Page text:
In his 1959 JETP article [Properties of the spectrum of elementary excitations near the disintegration threshold of the excitations, JETP 36, 830 (1959)], Lev Pitaevskii theoretically investigated the quasiparticle decays and related singularities appearing in the excitation spectra of Bose liquids. Specifically, he was interested in the two-roton decay processes, which exist in liquid helium, the only quantum Bose liquid known at that time. The remarkable shape of the excitation spectrum of the superfluid ^{4}He with continuously connected phonon and roton branches was suggested in a short note by L. D. Landau in 1947 [1]. It took another decade before the first observation of rotons was achieved in the inelastic neutron scattering experiments by Palevsky and collaborators [2]. Landau’s main motivation was to explain the anomalous hydrodynamic and thermodynamic properties of the superfluid state. Accordingly, Landau did not concern himself with the details of the dispersion curve for high-energy excitations, which make a negligible contribution into the thermodynamics below the superfluid transition temperature *T*_{c} = 2.17 K. Neutron-scattering techniques rapidly developed in the 1950’s and 1960’s provided a powerful tool to study physics of high-energy excitations in quantum liquids.

Scattering processes with nonconserving quasiparticle numbers may appear in the superfluid state because of particle exchange with the Bose condensate and, generally, require presence of certain broken symmetries, as the gauge symmetry breaking in the superfluid state. The self-energy correction to the boson Green’s function determined by two-particle decays turns out to be singular near the decay threshold. Analyzing the energy and momentum conservation laws, Pitaevskii classified all such singularities in three dimensions and for the case of roton decays predicted the termination or end point on the dispersion curve ε(*p*) at the energy equal twice the roton gap. This theoretical prediction stimulated a lot of experimental studies on the dynamic properties of liquid helium using neutron, X-ray, light scattering, and ultrasonic techniques. The experimental efforts culminated in the direct observation of the end point in the spectrum of liquid ^{4}He [3].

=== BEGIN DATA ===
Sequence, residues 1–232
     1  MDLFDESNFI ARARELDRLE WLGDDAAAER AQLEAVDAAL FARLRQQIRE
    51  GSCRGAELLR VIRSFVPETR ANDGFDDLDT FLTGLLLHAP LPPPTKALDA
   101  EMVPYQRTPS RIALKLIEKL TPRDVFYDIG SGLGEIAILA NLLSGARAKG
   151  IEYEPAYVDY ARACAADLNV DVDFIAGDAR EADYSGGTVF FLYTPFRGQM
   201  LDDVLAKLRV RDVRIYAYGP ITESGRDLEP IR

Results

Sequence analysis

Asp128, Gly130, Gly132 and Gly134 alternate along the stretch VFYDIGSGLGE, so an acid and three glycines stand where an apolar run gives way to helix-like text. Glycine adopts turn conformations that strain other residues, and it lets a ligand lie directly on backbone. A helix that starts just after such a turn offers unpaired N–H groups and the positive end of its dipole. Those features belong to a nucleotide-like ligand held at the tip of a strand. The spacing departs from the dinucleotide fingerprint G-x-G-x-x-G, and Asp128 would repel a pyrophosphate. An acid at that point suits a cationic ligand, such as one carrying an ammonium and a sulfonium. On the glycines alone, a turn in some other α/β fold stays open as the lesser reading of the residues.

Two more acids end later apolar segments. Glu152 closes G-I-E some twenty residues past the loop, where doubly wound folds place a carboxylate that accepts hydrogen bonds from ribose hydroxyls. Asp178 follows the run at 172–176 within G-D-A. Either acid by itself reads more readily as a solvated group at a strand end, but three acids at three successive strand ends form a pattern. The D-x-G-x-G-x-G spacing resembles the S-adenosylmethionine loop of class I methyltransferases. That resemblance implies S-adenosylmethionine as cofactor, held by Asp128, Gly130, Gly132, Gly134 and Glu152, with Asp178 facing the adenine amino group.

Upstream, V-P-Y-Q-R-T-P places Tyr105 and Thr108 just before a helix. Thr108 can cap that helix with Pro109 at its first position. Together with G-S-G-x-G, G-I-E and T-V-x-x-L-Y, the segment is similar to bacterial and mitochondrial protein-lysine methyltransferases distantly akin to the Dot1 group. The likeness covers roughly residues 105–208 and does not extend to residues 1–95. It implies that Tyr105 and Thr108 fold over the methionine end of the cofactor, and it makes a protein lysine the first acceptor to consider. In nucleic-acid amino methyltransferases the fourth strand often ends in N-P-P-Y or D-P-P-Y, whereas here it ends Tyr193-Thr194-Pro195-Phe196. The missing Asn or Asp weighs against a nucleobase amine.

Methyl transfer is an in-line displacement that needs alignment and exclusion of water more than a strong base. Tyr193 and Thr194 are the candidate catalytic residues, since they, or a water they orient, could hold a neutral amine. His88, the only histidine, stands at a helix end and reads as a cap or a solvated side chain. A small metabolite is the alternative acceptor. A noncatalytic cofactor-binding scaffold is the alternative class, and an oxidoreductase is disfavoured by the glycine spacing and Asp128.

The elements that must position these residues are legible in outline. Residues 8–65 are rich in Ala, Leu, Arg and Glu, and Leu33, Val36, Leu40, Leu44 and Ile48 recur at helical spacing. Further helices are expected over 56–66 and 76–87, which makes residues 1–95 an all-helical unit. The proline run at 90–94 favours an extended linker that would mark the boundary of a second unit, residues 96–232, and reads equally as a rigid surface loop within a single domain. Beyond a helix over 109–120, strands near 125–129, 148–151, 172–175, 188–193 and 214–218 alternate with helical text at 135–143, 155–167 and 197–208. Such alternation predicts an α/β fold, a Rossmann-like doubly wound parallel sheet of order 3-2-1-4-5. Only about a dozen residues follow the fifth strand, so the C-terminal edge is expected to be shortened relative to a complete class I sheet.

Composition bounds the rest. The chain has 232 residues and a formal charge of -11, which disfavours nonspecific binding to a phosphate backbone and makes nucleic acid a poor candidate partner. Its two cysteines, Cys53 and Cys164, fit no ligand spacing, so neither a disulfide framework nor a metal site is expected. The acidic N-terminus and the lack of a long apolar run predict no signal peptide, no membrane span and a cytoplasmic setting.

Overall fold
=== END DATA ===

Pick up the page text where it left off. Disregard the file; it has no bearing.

As was emphasized by Pitaevskii himself, the obtained results are not restricted to liquid helium but may apply to other condensed matter systems with bosonic excitations. These include, for example, phonons in anharmonic crystals and cold atomic gases in optical traps. Recently, similar effects have been predicted and experimentally studied for magnons in quantum antiferromagnets [4]. Different magnetic materials provide various magnon dispersion laws ε(*p*) with one-, two-, or three-dimensional character leading to new spectacular effects, which are most prominent in low dimensions. For many decades condensed matter theorists were preoccupied with singularities that arise due to phase transitions, strong correlations, and many-body effects. The first effect of such type in quantum Bose systems was predicted by Pitaevskii in 1959.

[1] L. D. Landau, J. Phys. USSR **11**, 91 (1947).

[2] H. Palevsky, K. Otnes, K. E. Larsson, R. Pauli, and R. Stedman, Phys. Rev. **108**, 1346 (1957); H. Palevsky, K. Otnes, and K. E. Larsson, Phys. Rev. **112**, 11 (1958).

[3] B. Fåk and J. Bossy, J. Low Temp. Phys. **112**, 1 (1998); H. R. Glyde, M. R. Gibbs, W. G. Stirling, and M. A. Adams, Europhys. Lett. **43**, 422 (1998).

[4] M. E. Zhitomirsky and A. L. Chernyshev, Rev. Mod. Phys. **85**, 219 (2013).

Dr. M. E. Zhitomirsky,

staff scientist, Commissariat à l'Énergie Atomique, Grenoble, France